How do I return info to the script I called a function from?

So I made this handy little timer script which will be called from another script:

using UnityEngine;
using System.Collections;

public class Timer : MonoBehaviour {

	private float StopTime = Time.time;
	private bool Running = false;

	public void test(float SecondsToWait){
		Running = true;
		StopTime = Time.time + SecondsToWait;

		while(Running == true){
			if(Time.time == StopTime){
				Running = false;

But now I want it to return it has finished timing. Can anyone tell me how?

?? That loop will just freeze your program. It needs yield return null; and to be in a coroutine. Beyond that, the == will always be false (time will jump from just under, to just over. Use <=.) Why are stopTime and running globals? What if two people want to time something?

And why not just use the built-in WaitForSeconds? Or, in many cases, just the built-in Invoke.

I’d restart with what the end result is, and look from there.

I had quite the same problem. I ended up writing a bit more generic solution. So what I did, I created a persistent gameobject to handle ‘wait & execute something’- kind of pattern. Here how it goes…

using UnityEngine;
using System.Collections;

public delegate void TimerCommand();

public class MyTimer : MonoBehaviour {

	private static TimerCommand _timerCallBack;
	private static float _targetTime;
	private static bool _isRunning = false;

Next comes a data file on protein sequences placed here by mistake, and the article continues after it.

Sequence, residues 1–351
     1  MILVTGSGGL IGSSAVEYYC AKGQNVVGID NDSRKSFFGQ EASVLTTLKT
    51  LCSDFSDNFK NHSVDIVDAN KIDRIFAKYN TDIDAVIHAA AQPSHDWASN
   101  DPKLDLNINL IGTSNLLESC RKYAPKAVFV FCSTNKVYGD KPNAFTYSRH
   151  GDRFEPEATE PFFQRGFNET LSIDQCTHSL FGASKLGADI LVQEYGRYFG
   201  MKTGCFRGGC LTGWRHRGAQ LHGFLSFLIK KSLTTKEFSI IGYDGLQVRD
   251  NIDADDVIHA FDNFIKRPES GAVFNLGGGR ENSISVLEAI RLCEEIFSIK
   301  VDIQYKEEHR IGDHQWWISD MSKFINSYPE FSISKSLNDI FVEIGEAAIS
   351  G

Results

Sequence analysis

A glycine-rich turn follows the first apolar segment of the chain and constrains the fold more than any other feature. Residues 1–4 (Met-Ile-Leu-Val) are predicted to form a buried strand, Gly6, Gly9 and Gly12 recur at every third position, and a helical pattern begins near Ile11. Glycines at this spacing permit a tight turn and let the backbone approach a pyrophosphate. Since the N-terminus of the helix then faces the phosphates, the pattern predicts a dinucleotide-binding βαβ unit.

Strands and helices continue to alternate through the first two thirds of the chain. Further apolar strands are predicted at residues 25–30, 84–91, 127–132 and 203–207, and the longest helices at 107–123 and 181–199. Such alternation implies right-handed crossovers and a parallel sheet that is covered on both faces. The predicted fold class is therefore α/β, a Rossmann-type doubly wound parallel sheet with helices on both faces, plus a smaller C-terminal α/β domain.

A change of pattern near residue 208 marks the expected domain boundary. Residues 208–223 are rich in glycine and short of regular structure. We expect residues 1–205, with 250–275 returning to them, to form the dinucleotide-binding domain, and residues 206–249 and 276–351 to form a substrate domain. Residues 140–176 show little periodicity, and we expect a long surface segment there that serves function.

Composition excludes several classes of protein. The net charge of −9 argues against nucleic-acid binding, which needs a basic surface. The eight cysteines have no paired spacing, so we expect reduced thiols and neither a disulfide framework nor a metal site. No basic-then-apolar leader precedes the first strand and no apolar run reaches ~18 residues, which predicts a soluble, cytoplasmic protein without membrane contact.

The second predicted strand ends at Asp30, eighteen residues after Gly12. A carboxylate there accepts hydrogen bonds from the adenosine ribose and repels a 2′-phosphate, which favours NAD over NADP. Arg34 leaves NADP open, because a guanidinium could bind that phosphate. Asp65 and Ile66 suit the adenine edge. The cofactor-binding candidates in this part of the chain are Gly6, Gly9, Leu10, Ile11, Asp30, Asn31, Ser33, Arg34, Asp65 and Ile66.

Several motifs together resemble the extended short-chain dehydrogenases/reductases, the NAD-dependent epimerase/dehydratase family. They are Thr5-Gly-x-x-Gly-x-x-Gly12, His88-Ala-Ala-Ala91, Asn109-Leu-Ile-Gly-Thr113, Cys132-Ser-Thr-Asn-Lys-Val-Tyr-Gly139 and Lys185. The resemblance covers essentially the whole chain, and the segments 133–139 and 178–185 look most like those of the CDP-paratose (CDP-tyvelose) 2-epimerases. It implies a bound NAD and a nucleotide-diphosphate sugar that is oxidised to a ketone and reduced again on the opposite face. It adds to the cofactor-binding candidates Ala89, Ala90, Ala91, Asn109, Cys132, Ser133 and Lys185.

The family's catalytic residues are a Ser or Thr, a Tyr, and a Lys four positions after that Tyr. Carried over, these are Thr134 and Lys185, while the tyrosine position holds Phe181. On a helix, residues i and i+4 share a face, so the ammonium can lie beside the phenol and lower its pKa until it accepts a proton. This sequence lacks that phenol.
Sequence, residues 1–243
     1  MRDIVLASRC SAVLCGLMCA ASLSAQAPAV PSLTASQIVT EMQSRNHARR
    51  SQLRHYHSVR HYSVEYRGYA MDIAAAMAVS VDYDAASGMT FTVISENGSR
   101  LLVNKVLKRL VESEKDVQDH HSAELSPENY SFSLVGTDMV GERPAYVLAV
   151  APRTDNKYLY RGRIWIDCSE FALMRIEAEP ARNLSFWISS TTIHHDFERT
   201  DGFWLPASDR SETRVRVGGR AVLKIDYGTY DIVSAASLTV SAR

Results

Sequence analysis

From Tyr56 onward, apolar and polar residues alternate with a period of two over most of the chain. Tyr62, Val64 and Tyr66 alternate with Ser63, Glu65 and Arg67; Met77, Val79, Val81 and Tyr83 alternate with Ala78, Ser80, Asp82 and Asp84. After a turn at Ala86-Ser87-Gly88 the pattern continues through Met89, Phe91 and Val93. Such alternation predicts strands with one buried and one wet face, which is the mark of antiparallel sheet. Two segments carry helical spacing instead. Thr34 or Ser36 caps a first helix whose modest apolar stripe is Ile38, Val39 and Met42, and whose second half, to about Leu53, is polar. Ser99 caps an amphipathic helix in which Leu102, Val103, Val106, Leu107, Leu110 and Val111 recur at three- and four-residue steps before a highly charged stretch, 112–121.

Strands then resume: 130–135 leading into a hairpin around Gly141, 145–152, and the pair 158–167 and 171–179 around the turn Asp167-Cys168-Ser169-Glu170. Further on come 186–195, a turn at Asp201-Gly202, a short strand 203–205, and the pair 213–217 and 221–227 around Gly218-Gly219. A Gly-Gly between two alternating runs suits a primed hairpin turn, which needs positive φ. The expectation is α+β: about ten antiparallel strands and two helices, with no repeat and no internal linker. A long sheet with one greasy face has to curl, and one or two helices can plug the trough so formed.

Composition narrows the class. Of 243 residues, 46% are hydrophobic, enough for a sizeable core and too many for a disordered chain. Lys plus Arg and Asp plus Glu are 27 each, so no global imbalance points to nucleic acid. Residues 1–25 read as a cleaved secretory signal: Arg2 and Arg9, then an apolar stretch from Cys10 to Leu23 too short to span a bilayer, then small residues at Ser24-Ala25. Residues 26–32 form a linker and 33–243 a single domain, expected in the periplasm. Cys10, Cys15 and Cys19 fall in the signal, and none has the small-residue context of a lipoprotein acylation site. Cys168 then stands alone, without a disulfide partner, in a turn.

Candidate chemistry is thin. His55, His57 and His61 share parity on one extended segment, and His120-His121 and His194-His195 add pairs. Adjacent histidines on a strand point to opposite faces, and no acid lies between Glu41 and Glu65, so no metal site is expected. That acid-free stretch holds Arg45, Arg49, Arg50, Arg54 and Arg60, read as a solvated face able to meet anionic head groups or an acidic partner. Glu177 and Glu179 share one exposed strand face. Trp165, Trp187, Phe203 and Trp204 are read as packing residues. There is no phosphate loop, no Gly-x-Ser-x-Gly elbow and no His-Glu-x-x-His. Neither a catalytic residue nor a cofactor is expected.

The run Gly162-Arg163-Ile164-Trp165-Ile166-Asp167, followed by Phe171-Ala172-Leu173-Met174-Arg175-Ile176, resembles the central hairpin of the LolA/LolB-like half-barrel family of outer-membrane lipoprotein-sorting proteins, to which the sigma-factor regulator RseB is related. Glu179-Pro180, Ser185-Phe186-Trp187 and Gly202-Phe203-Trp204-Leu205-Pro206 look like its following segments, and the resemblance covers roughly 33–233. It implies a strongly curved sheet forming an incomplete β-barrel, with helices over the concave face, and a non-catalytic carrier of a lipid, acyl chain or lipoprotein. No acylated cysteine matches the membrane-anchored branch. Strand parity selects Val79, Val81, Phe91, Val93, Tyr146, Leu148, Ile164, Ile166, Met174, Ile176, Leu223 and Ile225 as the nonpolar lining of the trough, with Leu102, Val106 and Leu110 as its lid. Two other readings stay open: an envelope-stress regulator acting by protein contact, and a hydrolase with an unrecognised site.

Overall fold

void Awake()

	public static void StartMyTimer(float time,TimerCommand callBack)
		//Ensure that last StartMyTimer call has finished

		_timerCallBack = callBack;
		_targetTime = Time.realtimeSinceStartup+time;
		_isRunning = true;

	// Update is called once per frame
	void Update () 
		if(_isRunning && Time.realtimeSinceStartup > _targetTime)
			_isRunning = false;

So create an empty gameobject and attach the script to it. If you wish, create a prefab.

My need in this case was to tune down the volume of my background music while another short music clip was played. So here’s an example how to use this. What it does, it waits for 2 seconds and then resets the background music volume to 1.0f.

		//Note the lambda expression syntax. 
		//Of course any method matching the delegate declared in the MyTimer will do
		                     //the callback which is called when timer has finished
		                     () => { audio.volume = 1.0f;});

Obviously the mytimer script can be tweaked to take multiple timed events, set up periodic ‘events’ etc. But for now, this was sufficient for my needs. Hope this helps.